SAN RAMON -- Residents at a recent meeting urged city planning officials to consider the drawbacks of a plan to build a proposed 740-unit residential development, the Faria Preserve, in the northwest part of the city.
They cited concerns about excessive traffic and lack of schools that could result from the project. At a Dec. 17 Planning Commission hearing, eight residents spoke out in opposition to the development plans east of Bollinger Canyon Road and north of Crow Canyon Road.
Part of San Ramon's Northwest Specific Plan, the community would be subdivided into five neighborhoods, with 144 acres as open space. The community would include single-family homes, town homes, apartments and senior housing and parcels for a church, park and education facility.
This revised plan is smaller than the original 786 units that was proposed by Claremont Homes, which was approved by the Planning Commission and City Council in 2006. It was modified in 2008 to resolve lawsuits filed by the East Bay Regional Park District and the Sierra Club.
Lafferty Communities, which has since acquired the land, is applying for a permit for the modified plan. A proposed 12.9-acre park would be for all residents to enjoy, with basketball, bocce and tennis courts, play structures, lighted soccer and baseball fields, pedestrian trails and a rose garden.
Also 30 percent of the development's residential units, about 226 homes would be offered as affordable housing units. About 86 out of the development's 198 rental apartments would be restricted to seniors, and 28 affordable housing units would be for sale.
That is higher than the 25 percent affordable housing that's outlined in the city's general plan -- and in most developments, said Cindy Yee, the city's associate planner. Consultants said resulting traffic from the additional residents in the area could be alleviated by adding a traffic signal on Deerwood and Omega roads and adding lanes at San Ramon Valley Boulevard and Deerwood Roads.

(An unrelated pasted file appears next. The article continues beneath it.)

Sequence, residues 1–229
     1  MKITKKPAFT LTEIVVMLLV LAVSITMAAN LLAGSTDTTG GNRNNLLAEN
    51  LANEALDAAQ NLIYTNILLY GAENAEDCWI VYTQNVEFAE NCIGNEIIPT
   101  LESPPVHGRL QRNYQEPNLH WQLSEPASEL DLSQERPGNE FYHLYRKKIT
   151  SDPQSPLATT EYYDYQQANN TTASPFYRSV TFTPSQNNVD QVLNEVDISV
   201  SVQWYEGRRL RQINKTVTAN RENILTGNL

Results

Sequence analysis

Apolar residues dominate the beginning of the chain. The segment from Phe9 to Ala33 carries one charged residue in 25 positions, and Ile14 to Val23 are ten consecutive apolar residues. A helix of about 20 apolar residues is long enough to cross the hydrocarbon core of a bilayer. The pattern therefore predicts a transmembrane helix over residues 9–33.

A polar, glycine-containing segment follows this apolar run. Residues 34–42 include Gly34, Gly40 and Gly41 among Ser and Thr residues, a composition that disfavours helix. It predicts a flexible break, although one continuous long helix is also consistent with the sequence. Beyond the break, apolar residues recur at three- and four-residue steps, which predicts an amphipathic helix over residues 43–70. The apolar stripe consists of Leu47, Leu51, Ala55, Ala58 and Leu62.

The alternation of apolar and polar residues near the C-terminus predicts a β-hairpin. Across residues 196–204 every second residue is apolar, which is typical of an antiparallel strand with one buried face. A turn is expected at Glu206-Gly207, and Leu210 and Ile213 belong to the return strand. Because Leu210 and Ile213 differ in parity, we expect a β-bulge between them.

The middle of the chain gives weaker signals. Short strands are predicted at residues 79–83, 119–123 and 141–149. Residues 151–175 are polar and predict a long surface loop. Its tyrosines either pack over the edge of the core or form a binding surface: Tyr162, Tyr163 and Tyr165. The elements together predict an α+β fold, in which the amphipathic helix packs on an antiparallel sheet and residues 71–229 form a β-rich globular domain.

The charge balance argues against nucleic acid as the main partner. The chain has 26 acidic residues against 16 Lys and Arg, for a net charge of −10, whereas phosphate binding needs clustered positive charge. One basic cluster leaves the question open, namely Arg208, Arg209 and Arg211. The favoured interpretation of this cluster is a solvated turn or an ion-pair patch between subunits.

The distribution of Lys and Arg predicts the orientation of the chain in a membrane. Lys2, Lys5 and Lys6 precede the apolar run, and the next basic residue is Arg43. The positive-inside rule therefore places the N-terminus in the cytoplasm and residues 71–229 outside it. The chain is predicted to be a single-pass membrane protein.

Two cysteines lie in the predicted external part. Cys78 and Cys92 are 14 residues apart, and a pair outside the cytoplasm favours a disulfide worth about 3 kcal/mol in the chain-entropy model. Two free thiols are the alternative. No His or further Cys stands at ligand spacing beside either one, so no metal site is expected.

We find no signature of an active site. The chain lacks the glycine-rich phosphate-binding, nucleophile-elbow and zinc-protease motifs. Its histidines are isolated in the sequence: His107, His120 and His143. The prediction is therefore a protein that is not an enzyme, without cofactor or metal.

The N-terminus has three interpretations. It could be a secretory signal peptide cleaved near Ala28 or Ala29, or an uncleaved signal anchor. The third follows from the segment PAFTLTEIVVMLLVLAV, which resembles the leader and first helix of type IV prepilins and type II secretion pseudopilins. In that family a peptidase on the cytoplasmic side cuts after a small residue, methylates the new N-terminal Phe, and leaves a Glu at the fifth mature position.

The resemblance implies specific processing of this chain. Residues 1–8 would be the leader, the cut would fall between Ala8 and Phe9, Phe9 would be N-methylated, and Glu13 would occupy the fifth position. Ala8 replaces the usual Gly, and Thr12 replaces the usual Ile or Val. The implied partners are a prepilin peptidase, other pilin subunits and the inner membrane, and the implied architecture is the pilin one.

Yet residents seemed unconvinced that the proposed solutions would prevent what they see as an inevitable escalation in the number of bottlenecked streets in the area. They said they worry that Bollinger Canyon and Deerwood roads were not built to handle the extra traffic.
Many residents expressed concerns about how the development would pack schools with extra students and require a new school, as well as obscure views of the natural landscape and shine lights from recreation fields into homes. However, planning commissioner Donna Kerger said residents should raise such concerns to the San Ramon school board, not the city.
"Talk to them about it," she said. "They are the policymakers, and they decide whether they build a school or not."
However, resident Jim Gibbon, of San Ramon for Open Government, said city officials should do more to urge the district to plan a school in the area.
"Everyone knows it's needed, and no one is doing anything about it," he said. He also worries about the development being built on an active fault line, which could result in earthquake damage.
However, Planning Commission Chairperson Eric Wallis stressed to residents that the decision to build the development at this point had already been approved, and the recent application to build was merely looking for a modification that would in essence, build fewer homes.
"What is not before us is where the plan should be built or not," he said. "The question is whether it's compliant (with the city's growth general plan)."
Also, he said, the city will hold more public hearings on the issue in January and February, so there is plenty of time for more public comment.
Contact Joyce Tsai at 925-847-2123. Follow her at Twitter.com/JoyceTsaiNews.